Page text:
I learned this great midrash about Sarah and Avraham and Hagar and Ishmael. You know the story. Ishmael was teasing Isaac. It was really angering the jealous Sarah…and so she complained to Avraham. Get rid of the slave woman and her son.
And we know, Avraham does. He sends them immediately into the wilderness. And there are those who say, enmity between their descendants continue to this day.
Could it have been avoided? Traditional commentaries say NO. According to a contemporary feminist midrash it could have been avoided.
For Sarah was saying…Avraham listen. These people are really bothering me. They are making me feel awful. But it’ll change. I don’t need you to do something at this moment. I just need you to listen. Just need you to listen. I never wanted you to throw them into the desert to die and that’s the cry of so many wives… just hear me!”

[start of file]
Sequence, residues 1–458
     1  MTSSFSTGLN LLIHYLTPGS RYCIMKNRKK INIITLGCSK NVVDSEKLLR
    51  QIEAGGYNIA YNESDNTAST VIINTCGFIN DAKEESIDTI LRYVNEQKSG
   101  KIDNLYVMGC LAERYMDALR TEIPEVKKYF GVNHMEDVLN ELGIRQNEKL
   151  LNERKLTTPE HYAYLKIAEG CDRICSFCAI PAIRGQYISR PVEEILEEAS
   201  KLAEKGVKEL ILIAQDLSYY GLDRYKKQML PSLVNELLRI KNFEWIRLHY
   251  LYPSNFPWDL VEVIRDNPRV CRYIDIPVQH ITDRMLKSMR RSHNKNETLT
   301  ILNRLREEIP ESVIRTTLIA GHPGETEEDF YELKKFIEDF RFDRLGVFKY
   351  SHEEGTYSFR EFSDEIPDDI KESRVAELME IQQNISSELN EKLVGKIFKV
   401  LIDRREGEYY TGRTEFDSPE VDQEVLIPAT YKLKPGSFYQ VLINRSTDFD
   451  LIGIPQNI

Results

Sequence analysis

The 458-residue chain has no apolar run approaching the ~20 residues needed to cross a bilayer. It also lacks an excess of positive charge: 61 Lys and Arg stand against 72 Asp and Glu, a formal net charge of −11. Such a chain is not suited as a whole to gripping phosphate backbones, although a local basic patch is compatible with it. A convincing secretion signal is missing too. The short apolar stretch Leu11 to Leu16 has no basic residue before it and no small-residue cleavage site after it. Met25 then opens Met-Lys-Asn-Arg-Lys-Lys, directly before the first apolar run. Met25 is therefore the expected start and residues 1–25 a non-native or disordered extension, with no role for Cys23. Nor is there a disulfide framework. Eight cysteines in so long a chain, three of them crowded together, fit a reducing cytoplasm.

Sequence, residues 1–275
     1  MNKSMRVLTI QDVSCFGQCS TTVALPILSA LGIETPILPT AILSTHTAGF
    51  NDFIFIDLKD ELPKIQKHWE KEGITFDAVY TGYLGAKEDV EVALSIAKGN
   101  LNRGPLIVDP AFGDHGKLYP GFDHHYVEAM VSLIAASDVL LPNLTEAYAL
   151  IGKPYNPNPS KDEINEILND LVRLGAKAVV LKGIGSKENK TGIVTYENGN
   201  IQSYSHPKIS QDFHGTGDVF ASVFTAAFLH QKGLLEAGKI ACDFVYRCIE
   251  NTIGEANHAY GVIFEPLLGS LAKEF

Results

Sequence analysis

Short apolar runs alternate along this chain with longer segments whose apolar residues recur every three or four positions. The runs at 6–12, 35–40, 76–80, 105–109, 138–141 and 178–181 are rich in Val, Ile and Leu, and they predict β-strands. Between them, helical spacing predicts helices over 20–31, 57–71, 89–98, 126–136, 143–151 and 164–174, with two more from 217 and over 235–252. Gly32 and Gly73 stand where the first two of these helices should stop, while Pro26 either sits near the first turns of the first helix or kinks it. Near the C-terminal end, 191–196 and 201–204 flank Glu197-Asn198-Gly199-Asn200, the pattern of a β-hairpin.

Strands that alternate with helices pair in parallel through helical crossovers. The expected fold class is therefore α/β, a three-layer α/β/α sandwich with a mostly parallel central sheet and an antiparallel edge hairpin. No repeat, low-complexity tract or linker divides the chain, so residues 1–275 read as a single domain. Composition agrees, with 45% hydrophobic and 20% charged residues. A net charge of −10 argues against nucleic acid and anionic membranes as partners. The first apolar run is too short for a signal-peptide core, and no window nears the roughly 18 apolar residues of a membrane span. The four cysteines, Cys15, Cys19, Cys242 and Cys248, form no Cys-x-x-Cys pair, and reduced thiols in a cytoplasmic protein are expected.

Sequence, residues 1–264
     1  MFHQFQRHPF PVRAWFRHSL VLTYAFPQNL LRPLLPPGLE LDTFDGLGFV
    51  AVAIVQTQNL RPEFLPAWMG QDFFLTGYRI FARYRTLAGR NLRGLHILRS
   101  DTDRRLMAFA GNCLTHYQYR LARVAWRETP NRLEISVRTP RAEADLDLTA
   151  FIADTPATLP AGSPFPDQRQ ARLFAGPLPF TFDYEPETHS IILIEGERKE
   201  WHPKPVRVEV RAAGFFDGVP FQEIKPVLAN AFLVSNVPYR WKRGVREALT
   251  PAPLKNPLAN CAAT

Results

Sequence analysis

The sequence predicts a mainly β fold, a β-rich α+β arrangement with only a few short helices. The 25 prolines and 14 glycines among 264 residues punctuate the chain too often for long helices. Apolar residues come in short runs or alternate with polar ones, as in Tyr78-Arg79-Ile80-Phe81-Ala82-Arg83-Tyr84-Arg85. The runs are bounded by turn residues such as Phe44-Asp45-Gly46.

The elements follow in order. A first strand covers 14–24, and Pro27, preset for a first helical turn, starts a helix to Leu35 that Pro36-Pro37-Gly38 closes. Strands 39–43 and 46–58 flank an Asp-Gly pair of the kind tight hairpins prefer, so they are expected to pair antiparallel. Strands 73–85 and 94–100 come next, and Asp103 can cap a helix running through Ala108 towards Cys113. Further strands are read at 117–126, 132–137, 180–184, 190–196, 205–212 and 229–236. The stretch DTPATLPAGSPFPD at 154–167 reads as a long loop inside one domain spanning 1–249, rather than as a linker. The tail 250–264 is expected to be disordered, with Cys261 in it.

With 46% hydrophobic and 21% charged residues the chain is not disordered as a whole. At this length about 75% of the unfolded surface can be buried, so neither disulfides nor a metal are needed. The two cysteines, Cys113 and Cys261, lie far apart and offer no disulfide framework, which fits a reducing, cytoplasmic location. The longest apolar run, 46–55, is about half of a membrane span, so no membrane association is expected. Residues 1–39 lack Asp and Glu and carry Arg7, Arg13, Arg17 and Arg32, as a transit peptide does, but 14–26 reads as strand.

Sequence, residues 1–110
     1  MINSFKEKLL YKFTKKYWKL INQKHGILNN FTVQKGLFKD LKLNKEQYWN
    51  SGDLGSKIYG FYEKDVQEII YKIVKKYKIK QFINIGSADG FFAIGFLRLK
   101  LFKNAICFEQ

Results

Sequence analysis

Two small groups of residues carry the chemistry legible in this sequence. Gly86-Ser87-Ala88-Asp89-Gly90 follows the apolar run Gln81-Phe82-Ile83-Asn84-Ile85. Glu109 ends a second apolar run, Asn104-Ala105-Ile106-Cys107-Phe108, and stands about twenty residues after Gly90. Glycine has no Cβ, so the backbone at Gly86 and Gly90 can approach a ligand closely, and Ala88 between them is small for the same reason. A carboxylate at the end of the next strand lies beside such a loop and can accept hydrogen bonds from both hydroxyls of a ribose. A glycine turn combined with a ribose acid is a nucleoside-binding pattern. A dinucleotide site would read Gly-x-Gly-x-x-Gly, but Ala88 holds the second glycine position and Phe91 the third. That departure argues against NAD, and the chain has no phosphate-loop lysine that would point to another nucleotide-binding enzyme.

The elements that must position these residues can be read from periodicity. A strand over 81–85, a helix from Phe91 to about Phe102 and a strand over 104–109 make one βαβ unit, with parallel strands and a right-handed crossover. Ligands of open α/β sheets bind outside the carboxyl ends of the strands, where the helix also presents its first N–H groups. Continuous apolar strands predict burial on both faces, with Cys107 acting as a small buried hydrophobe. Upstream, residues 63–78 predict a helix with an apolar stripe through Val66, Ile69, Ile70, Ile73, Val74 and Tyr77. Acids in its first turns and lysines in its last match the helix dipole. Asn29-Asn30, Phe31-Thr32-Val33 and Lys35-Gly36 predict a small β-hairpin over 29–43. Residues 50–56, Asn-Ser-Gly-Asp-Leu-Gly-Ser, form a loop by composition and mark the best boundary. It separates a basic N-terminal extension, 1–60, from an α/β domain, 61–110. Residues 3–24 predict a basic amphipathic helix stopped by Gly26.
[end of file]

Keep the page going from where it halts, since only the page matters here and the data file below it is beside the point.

So if the haggadah is in the telling… We are challenged to be the listeners. It’s so unusual in these days. Maybe that’s why thousands and thousands of dollars are spent on therapists… Not so much because of what they say… but because they listen.
And I know, and I have often said…the most important thing I can do as a Rabbi…is not to speak but to listen.
So maybe it’s time for me to end this sermon…
Shabbat Shalom everyone…MAY YOU EXPERIENCE THE GEDOLOT OF THESE DAYS…AND MAY SOME OF IT…IF NOT MOST OF IT COME FROM OUR CAPACITY TO HEAR, TO LISTEN…TO EACH OTHER, TO OUR CHILDREN AND TO THE WORLD OUT THERE THAT NEEDS HEALING…AND REDEMPTION.